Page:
Sunday, November 28, 2010

OPI Burlesque Glitter Swatches

The OPI Burlesque Collection was an amalgamation of both OPI glitters and foil-ish shimmers. Before the Holiday season is up and these polishes are no longer available, I thought I'd compile a few swatches of the four glitters I bought (out of the six that make up the glitter part of the collection). Get these nail lacquers while you can!

The glitters that interested me the most were (from left to right) Bring On The Bling, Sparkle-icious, Show It And Glow It!, and Simmer & Shimmer.

Now I do my swatching just a bit differently than you might see on other blogs, so I thought it was worth it to show you, and share my experiences with these glitter polishes.

To test the opaque factor of each polish, I layered my middle finger and pinky with a half coat of one of the two matte polishes shown above. I used both OPI Alpine Snow Matte and OPI Russian Navy Matte because the mattes leave a nice surface to paint on and they are both dramatic shades (one being very light, the other very dark), to contrast with the glitter polishes.

First up, Bring on the Bling. This polish looks mostly gold in shade along with a sparse dispersion of other colors of glitter. The other two colors in the glitter I thought stood out the most were the green and pink pieces of glitter, so while this color is great for the Holiday season, I think it will also make a great Spring polish.

On my index and middle fingers, there is one coat of Bring on the Bling, with two coats on my ring finger and pinky.

With one coat you can clearly see distinct gaps, where the glitter seems to clump in some places while it's missing from others. At two coats, the white matte under the two layers on my pinky is not really visible. Two to three coats will give you complete coverage with this glitter polish (depending on how heavy handed you are painting on the polish), so no undercoat would really be needed.

OPI Sparkle-icious is the polish that a number of people were hoping would be a dupe to Mad as a Hatter. Well, it's not, as you'll see a few photos down, but besides that, this is the only glitter that differed from the rest of the glitters in this collection.

One coat on index and middle fingers, with two coats on my two right-most fingers (as shown in the photo above and below).

Sparkle-icious proved to be different from the rest of the Burlesque glitters because it is equal parts gold, blue, and fuchsia glitter, with all pieces of glitter being the same particle size. Because there are no micro-particles of glitter as there seem to be in each of the other glitter lacquers, this polish does not get complete coverage in two coats (as clearly visible on the pinky nail - far right - where the matte navy blue shade is still visible under the glitter polish).

In the picture above, on the left is Mad as a Hatter, and on the right is Sparkle-icious. You can clearly see from the bottles standing side-by-side that these lacquers are different in shade. Biggest difference? Mad as a Hatter leans more silvery-violet, while Sparkle-icious has no silver and the purple shade of glitter inside the bottle leans more pink than purple.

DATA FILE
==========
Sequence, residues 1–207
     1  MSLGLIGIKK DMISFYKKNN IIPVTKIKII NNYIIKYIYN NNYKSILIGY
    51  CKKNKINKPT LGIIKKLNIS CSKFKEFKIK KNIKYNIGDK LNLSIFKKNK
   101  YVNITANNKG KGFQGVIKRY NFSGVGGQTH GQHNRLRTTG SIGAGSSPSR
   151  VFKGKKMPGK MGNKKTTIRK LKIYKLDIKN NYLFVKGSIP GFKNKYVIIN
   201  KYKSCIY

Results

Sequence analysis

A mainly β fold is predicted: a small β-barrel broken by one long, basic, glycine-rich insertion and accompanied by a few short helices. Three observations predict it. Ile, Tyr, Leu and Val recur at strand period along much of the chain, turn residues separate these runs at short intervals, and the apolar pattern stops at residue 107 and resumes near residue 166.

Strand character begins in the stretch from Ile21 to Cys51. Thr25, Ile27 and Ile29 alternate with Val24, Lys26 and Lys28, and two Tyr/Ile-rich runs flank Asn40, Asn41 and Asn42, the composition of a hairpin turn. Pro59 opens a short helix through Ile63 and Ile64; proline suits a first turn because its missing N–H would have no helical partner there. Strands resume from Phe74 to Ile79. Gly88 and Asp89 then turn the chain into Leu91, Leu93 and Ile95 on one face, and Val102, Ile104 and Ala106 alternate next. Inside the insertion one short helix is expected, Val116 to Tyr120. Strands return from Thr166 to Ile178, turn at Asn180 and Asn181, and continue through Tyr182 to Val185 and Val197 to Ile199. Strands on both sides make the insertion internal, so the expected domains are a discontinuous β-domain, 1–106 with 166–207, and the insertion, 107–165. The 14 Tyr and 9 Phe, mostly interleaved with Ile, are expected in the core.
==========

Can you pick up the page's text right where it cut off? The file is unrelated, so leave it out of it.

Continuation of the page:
Show it and Glow it! is a pink/purple shade. What is interesting about this lacquer is that while it leans towards the violet section of the color wheel, it clearly has a variety of other colors including silver, a bit of yellow-gold, green, blue, and possibly other colors that makes this lacquer more of a hidden gem than it first seems.

On the left two fingers is one coat, and on the right two is two coats. On the middle finger over the white polish, you can see that the micro-glitter in this polish is the same fuchsia color as the larger glitter, which is what leaves this lacquer looking very pink and purple in hue.

Two to three coats should give you complete coverage, but you can get away with two coats, without any major gap of your nail showing through.

OPI Simmer & Shimmer (or Simmer and Shimmer, as I sometimes refer to it) is the blue shade of this collection. Like Show it and Glow it!, Simmer & Shimmer is made up of a multitude of different glitter particles, but because it also has blue micro-glitter in it, the polish leans more blue than any other shade.

One coat of Simmer & Shimmer on index and middle fingers, two coats on ring and pinky.

Two to three coats will give you great coverage, so a base color is not needed on this one.

So there are the four glitters I have to share with you. Get them while they're still in stores if you are considering buying any! Do you have a favorite from the collection?

Well, like all glitters they are a pain to remove, but worth it if you want a truly Sparkling polish! From the collection, Sparkle-icious is the only lacquer I would say really needs an undercoat of a solid color if you don't want to see the nail underneath it. And in terms of dry and wear time, all of these lacquers dried surprisingly quick and stayed on well for the few days I tried two of them out as full manicures.